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Rebrand Before You Sell: Laura Sauter’s Guide to Increasing Your Company’s Value


Rebrand Before You Sell: Laura Sauter’s Guide to Increasing Your Company’s Value

By , March 8, 2024
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Discover the unexpected key to increasing your company’s value and ensuring a successful exit. You won’t believe how rebranding can transform your business and leave a lasting legacy. Find out how to differentiate, stand out, and secure your company’s future with a simple, yet powerful strategy. It’s the game-changing move you never saw coming. Are you ready to unlock the full potential of your business?

Laura Sauter is a seasoned branding expert with over 23 years of experience in brand positioning and identity for companies, particularly those in transition. Specialising in rebranding strategies, Laura has helped numerous businesses navigate the intricate process of refreshing their branding in preparation for successful exits. With a focus on creating brand equity and aligning brand identity with evolving business missions, she brings a wealth of knowledge and a keen understanding of the emotional complexities that come with rebranding. Laura’s expertise extends to professional service businesses, offering valuable insights on how to boost equity valuation through strategic branding. Her approach emphasises involving employees in the process, ensuring a seamless transition and continuity for the brand.

In this episode, you will be able to:

  • Discover the Impact of Rebranding on Business Exits
  • Uncover the Emotional Journey of the Rebranding Process
  • Explore Branding Beyond Just a Logo for Business Success
  • Implement Forward-Thinking Brand Strategies for Future Growth
  • Learn the Importance of Brand Architecture and Trademarks for Business Valuation

Discover the Power of Rebranding

The process of rebranding can significantly impact a company’s valuation and overall attractive to potential buyers. It’s a strategic maneuver that enables businesses to align their brand image with their current status and future aspirations. A successful rebrand can effectively tell a company’s evolving story, enhance its marketplace reputation, and ultimately set the stage for a prosperous business exit.

Watch the episode here:

Welcome to the podcast that’s dedicated to helping business owners prepare for exit so you can maximise value and exit like a boss. This is the Exit Insights podcast presented by Succession Plus. I’m Darryl Bates- Brownsword and today I’m talking to Laura Sauter. Laura is a branding expert and what we’re going to explore is the pros and cons, why you might want to consider rebranding your business, refreshing your branding in part of your exit planning process leading up to an exit. Laura, welcome. Thanks for joining me today.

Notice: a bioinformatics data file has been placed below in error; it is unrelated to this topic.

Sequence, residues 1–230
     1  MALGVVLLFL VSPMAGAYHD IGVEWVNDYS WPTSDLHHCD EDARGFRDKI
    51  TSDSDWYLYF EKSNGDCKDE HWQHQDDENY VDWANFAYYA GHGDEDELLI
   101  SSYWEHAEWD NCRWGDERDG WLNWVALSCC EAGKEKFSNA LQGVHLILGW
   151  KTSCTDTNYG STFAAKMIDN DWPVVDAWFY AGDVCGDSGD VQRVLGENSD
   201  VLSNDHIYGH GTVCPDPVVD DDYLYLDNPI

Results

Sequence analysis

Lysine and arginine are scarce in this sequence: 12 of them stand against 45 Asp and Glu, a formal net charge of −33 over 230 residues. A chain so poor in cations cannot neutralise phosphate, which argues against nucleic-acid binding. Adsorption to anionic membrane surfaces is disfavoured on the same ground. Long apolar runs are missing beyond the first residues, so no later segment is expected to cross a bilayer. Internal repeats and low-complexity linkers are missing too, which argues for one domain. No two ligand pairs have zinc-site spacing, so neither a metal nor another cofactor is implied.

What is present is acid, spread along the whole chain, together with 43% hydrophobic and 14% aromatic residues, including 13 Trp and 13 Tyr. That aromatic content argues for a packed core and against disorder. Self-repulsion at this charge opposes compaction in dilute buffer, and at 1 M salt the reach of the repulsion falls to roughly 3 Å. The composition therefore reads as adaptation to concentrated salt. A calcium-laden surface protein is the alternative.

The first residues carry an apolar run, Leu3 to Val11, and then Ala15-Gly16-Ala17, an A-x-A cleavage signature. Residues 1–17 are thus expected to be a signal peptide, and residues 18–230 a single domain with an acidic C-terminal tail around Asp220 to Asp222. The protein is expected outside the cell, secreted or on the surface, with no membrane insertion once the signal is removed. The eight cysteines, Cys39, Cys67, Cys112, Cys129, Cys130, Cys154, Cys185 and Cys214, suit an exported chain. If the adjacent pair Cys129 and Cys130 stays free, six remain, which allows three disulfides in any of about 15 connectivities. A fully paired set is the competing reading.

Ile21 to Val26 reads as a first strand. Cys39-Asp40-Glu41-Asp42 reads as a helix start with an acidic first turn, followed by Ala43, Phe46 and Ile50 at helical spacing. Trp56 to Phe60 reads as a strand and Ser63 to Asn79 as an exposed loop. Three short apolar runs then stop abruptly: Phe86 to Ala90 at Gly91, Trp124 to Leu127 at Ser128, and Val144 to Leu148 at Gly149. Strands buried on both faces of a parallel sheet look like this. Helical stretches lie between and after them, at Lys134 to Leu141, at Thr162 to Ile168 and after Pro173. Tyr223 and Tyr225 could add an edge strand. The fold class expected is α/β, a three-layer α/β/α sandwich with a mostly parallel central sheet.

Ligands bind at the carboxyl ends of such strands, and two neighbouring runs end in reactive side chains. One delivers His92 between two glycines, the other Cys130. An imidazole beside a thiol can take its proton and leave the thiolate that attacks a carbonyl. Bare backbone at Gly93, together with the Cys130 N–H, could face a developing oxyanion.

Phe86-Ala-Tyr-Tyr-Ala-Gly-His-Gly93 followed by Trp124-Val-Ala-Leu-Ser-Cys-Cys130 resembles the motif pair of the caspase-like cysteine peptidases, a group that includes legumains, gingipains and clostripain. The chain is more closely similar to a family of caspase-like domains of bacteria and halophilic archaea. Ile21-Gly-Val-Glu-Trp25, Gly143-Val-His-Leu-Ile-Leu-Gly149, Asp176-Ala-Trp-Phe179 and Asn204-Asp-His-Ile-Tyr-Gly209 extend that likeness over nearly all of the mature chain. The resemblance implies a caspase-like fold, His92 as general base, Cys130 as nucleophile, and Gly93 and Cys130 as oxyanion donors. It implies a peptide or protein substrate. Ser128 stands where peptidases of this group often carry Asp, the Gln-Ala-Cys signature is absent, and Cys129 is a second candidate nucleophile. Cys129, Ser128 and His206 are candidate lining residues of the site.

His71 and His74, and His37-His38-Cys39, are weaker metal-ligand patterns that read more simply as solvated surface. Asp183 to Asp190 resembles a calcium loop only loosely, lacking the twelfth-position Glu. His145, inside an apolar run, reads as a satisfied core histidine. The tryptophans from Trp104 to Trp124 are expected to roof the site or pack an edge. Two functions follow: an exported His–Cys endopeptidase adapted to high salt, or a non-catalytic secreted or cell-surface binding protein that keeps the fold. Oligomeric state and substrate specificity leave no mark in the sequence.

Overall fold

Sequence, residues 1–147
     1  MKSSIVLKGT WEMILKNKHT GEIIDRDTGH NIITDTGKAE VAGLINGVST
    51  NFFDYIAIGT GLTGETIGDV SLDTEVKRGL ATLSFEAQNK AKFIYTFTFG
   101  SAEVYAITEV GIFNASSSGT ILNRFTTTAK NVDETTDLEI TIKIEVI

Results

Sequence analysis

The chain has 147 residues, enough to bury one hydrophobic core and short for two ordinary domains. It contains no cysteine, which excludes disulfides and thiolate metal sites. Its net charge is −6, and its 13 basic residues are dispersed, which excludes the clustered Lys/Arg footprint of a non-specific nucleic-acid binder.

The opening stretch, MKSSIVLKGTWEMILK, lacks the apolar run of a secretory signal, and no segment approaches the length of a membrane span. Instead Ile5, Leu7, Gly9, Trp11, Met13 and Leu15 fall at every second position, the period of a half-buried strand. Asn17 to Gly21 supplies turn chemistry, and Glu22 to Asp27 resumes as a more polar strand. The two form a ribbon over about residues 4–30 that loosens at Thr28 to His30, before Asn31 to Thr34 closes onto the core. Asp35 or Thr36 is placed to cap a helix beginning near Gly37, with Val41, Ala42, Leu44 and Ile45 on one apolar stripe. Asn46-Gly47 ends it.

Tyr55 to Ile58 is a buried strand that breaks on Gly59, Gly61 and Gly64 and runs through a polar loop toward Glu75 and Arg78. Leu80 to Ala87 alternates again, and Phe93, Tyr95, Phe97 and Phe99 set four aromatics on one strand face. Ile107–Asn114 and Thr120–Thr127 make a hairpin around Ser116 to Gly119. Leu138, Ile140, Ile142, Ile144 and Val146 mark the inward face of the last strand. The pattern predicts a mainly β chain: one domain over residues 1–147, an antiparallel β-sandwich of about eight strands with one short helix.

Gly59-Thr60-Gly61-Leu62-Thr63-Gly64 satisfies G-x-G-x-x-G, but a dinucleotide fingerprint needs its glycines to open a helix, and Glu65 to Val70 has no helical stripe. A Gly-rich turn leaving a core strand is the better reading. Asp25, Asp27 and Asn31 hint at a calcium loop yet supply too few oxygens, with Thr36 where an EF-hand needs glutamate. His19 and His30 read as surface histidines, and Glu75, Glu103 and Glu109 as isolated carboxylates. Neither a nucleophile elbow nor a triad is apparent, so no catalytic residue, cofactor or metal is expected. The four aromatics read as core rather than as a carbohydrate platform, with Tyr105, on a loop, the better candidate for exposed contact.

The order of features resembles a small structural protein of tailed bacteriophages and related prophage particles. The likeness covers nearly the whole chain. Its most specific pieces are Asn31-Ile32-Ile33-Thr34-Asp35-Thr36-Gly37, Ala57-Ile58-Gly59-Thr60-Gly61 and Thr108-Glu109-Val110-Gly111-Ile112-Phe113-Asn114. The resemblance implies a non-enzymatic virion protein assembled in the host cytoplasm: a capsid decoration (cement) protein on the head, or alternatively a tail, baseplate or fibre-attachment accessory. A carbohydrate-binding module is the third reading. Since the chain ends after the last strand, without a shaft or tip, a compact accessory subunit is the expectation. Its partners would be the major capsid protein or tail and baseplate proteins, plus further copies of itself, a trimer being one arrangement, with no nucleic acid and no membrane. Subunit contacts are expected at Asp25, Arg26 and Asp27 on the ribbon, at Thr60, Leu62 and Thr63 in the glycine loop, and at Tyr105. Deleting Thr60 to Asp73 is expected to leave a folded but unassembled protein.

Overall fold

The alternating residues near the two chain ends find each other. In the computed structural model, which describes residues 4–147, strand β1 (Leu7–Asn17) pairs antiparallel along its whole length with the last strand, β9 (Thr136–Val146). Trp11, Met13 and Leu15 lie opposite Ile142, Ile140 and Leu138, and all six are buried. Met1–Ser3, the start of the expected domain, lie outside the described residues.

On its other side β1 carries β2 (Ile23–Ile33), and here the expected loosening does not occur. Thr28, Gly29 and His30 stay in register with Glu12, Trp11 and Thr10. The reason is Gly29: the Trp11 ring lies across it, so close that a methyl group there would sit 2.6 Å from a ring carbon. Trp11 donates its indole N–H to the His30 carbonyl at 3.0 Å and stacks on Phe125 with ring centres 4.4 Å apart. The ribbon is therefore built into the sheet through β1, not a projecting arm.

So good to be here. Thank you.

Cool. Hey, Laura, why don’t you just, I guess, position yourself, do some branding, personal branding, and just give the listeners a little bit of background about your experience and what you focus on. And then we’ll dig into the reasons and the whys and how’s and therefore of rebranding.

Thank you. So I do have a practice, it’s about 23 years old and I do specialize in brand positioning and brand identity for companies, mostly in transition. So transition, obviously you are a succession planning expert. That is a very obvious transition.

But launching, merging, diverging, anytime when there’s a change in a company’s lifecycle, that is a good trigger for someone like me to come in and help them to reposition and redesign. And today we’re going to be talking about naming mostly. So about 40% of my clients do need a new name for a variety of different reasons. And we’ll get into that.

And the first thing you say almost creates alarm bells that when we’re going through a transition period, that’s the time to start thinking of changing your branding, your naming and some of your naming. That must sound terrifying to a lot of business owners.

It is terrifying and somewhat emotional, unexpected for most people, especially the owner founders, who are, this is their baby, their business is their baby. They’re not just an employee. This is their life’s work in most cases. So to change the outward facing presence can be very emotional to a company owner on any side of the fence.

So in the succession planning piece, it’s already emotional to think about leaving your life’s work in the hands of someone else. But to change it in preparation for handoff can be like, what’s happening here? Almost like I think about it in terms of the home stagers, have you seen those tv shows, whether it’s like love it or leave it, and someone will come in and redesign the home to prepare for sale. And then the owners come in and they’re like, we love this house now, why do we want to leave this. So it can be very emotional.

Yeah. And especially so if their name is on the door.